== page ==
by Emma Jensen, historical (2001)
Ivy, $6.50, ISBN 0-8041-1955-4
Fallen is written around the Scottish folk song Scarbro (or Scarborough) Fair. If you aren't familiar with it (it scares me sometimes that I actually know this song, word by word, despite it having no relevance in my life at all), it's about this man asking a passerby to tell his ex-girlfriend at Scarborough that if she can (a) make him a cambric shirt without doing any stitching, (b) wash the shirt in water that does not originate from rain or ground, and (c) dry it on a thorn tree that has never blossomed since time began, he will marry her. To which the woman responds, why yes, honey can come collect his shirt if he can, for her, (a) find an acre of land at where the sea touches the sand, (b) plow it with a ram's horn, and (c) reap and bind the harvest with a peacock feather.
In short, we have one bitter boyfriend taunting his ex and the ex responding in kind, "Drop dead!"
Fallen, however, isn't a big misunderstanding story. It's not even a reunion story. Instead it weaves the theme of trying to move on after being hurt in the past by love/emotion/whatever.
Gabriel Loundon, superspy, is drinking and gambling and whoring his way in a downward spiral spiral caused by guilt. Once, he boinked a lady of the night who turned out to be some French spy. Oops. The result is disaster. But instead of learning never to let his winkie control him, he now lets his winkie controls him altogether. Men! Or maybe I should say, stereotypes! But he has one chance to redeem himself if he can go to Scotland and find an enemy spy called L'Écossais, who also happens to be his nemesis.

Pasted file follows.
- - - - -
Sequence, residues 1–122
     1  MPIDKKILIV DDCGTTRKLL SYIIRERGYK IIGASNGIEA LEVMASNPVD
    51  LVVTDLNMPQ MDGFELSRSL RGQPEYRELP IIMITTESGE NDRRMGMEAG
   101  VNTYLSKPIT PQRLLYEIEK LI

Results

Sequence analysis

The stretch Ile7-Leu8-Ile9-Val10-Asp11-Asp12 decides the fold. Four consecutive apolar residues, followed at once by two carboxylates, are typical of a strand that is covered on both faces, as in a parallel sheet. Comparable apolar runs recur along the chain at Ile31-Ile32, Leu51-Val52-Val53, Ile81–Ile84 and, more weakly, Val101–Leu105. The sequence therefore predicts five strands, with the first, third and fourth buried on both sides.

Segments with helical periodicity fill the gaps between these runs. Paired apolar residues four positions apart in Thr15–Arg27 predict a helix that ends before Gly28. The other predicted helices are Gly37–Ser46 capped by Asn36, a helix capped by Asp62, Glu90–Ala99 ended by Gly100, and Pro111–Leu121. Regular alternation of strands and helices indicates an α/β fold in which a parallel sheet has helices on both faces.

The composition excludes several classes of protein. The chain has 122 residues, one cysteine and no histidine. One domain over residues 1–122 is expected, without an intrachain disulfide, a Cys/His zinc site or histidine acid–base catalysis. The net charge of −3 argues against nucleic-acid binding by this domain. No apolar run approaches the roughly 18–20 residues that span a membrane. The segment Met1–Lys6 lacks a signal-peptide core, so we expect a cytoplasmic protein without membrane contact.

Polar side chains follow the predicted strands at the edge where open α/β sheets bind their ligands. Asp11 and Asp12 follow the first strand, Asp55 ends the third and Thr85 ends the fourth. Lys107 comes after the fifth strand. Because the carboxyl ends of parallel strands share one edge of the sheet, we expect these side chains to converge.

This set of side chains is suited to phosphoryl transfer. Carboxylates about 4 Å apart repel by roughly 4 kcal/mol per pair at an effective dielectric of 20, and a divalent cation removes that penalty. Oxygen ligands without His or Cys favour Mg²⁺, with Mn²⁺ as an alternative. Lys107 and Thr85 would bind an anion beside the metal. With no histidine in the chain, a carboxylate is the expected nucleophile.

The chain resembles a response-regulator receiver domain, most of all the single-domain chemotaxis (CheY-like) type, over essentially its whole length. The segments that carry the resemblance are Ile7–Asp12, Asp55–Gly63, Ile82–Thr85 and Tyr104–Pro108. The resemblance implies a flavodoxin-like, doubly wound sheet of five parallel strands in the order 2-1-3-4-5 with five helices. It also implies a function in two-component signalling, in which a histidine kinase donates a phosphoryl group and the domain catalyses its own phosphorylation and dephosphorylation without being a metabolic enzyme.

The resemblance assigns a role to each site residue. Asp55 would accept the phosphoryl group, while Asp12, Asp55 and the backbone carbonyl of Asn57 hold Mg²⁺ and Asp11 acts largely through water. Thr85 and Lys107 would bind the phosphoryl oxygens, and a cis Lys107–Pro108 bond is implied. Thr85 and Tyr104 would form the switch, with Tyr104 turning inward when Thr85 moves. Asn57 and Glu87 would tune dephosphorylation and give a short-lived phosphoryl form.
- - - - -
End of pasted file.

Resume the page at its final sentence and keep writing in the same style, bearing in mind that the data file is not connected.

On Scotland, however, he gets some recuperative sex and love from Maggie MacLeod, who lives and heals and plays with her herbs and all in solitude after being bruised in a failed love affair with an untrue man.
Yes, there is absolutely nothing new in Fallen. Napoleon spies, Scotland, healer Scots heroine with some rigid and twisted code of morality (always be hospitable to people that make you mad, for one), walking wounded heroes in need of a good woman's love, walking wounded heroines in need of sexual healing... yadda yadda yadda.
In fact, it took me about a week to plow through the uninspired first half. It is a chore because the characters are so familiar and the plot is, at best, uninspired. Another wounded British superspy, another wounded Scots healer woman, another book that reads just like everything else. But in the second half, things happen. Big gestures of sacrifice happens, Maggie becomes a moving symbol of love as befits the song the story is based upon, and Gabriel becomes a wonderful, larger-than-life hero. Both become characters who would risk everything of theirs for love and the other's safety. While I sniff into my Kleenex at the ending, I wonder why the author just can't be like this instead of going all direly by the book in the first half.
So it's like this: the second half would rate a ringing keeper, the first half just average. Average that, and I get a squarely borderline enjoyable book that only succeeds somewhat in making beautiful stereotypes.
This book at Amazon.com
This book at Amazon UK
Search for more reviews of works by this author: